Building on BCMA-Directed Therapies in Multiple Myeloma

Luciano J. Costa, MD, PhD, discusses emerging data regarding the use of BCMA-directed bispecific antibodies and antibody-drug conjugates in multiple myeloma.

Antibody-drug conjugates (ADCs) and bispecific T-cell engagers (BiTEs) are 2 of the latest treatment modalities that have emerged in relapsed/refractory multiple myeloma, further augmenting an already rich landscape of BCMA-directed therapy, explained Luciano J. Costa, MD, PhD.

“We’re seeing an immunotherapeutic revolution in multiple myeloma. There is a plethora of new and very exciting approaches that deliver a real chance of disease control for patients who, until recently, did not have any therapeutic opportunity,” said Costa. “We should all be mindful of those options when we’re treating a patient who is no longer responding to the approved agents. Reach out to your colleagues who are in myeloma centers because they’re very likely to have 1 or more clinical trials that could be a good fit.”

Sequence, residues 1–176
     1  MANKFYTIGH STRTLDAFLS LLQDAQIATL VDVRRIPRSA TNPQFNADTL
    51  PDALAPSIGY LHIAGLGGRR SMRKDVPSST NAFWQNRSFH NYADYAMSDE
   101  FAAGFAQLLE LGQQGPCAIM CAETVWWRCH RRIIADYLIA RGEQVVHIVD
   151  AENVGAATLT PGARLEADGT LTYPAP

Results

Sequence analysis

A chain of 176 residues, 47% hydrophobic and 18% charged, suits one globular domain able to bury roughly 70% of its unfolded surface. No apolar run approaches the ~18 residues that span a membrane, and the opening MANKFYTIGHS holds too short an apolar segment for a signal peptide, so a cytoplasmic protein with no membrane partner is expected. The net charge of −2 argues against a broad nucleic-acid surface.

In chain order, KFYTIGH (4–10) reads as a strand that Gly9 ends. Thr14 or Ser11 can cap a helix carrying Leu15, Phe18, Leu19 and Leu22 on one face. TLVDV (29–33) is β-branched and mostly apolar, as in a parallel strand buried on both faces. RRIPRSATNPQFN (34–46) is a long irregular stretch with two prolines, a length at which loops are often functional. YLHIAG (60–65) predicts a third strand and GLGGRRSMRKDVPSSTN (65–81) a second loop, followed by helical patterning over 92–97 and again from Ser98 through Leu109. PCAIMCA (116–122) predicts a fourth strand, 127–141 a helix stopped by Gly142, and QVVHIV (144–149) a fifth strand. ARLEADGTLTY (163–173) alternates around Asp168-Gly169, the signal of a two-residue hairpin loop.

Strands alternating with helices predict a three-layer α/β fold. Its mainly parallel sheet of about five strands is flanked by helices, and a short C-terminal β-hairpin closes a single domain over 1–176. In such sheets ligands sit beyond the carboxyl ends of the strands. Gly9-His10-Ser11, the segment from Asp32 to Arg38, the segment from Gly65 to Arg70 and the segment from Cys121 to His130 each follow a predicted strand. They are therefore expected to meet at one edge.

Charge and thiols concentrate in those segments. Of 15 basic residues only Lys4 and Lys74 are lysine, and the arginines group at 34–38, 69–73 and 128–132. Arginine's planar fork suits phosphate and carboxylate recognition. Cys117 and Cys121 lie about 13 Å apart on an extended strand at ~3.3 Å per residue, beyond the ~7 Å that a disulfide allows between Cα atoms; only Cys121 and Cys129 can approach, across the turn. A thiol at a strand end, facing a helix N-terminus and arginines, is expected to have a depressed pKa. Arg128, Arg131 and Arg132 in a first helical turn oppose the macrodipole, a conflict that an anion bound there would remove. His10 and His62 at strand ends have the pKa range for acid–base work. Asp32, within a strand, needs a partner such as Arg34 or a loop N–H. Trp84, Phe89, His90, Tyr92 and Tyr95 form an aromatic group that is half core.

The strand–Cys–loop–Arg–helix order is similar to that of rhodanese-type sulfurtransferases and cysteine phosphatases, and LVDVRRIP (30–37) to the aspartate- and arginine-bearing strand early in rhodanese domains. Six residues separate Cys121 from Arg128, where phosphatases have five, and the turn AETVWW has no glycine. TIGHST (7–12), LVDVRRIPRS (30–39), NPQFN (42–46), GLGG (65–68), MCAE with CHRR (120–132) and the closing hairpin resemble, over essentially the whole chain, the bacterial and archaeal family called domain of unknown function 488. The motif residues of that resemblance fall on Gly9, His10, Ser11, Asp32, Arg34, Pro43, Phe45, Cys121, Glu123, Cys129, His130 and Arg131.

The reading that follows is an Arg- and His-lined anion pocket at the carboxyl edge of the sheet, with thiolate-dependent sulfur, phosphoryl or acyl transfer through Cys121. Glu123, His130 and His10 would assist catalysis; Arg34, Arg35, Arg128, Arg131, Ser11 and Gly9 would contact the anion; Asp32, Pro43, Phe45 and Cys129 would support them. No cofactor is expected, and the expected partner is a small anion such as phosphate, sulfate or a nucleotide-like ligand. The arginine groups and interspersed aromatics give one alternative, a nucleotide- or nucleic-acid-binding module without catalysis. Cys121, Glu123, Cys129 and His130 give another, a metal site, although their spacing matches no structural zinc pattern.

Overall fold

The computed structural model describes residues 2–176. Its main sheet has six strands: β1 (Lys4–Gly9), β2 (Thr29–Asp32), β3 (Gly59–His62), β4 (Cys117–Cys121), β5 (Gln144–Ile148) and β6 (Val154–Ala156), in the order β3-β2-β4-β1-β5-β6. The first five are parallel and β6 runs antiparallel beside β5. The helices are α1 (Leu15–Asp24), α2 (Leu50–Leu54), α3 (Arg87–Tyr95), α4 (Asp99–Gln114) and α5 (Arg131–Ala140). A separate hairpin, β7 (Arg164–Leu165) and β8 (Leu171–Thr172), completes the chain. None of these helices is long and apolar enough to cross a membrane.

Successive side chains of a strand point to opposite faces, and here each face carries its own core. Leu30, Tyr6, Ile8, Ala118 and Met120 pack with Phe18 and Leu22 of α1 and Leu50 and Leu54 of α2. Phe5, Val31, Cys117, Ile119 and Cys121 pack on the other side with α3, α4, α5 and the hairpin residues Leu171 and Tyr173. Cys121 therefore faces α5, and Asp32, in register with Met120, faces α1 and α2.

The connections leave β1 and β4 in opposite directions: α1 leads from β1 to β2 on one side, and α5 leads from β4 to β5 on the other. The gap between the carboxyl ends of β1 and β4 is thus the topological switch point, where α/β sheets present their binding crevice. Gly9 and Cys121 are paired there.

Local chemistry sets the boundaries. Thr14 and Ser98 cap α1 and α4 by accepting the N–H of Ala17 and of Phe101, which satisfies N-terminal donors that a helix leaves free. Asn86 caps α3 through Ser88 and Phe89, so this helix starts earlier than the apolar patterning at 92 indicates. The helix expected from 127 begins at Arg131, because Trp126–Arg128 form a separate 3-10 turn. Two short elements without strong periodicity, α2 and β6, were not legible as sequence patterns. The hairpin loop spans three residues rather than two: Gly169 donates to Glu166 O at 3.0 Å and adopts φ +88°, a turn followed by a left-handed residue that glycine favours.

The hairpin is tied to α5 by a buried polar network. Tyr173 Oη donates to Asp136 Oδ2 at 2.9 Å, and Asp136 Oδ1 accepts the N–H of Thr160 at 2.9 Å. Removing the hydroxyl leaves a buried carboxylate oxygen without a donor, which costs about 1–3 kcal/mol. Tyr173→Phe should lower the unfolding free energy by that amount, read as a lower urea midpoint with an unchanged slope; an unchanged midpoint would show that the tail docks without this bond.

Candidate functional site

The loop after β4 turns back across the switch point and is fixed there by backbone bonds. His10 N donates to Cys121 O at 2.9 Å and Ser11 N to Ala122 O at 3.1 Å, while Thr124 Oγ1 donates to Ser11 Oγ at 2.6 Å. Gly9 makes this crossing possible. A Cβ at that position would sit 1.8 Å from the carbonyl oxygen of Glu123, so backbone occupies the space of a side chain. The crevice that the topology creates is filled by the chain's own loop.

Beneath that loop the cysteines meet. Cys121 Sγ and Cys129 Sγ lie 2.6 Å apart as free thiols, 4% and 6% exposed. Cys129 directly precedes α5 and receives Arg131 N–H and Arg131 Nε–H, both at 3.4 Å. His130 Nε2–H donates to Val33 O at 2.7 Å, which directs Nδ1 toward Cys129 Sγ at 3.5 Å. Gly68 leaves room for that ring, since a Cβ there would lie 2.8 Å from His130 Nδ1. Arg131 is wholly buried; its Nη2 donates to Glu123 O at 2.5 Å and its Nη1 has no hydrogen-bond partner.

In an interview with OncLive® during the 2020 Institutional Perspectives in Cancer webinar on Multiple Myeloma, Costa, an associate professor of medicine in the Blood and Marrow Transplantation and Cell Therapy Program at the University of Alabama’s Birmingham School of Medicine, discussed emerging data regarding the use of BCMA-directed BiTEs and ADCs in multiple myeloma.

OncLive®: Could you discuss the excitement surrounding BiTEs in myeloma?

Costa: An exciting [area of therapeutic development in] myeloma has to do with bispecific antibodies, which are mostly T-cell engagers. It’s premature to try to dissect the differences between them. So far, we have seen clinical data for 3 different BCMA-directed T-cell engagers: AMG 420, CC-93269, and more recently teclistamab. They all have a very different structure.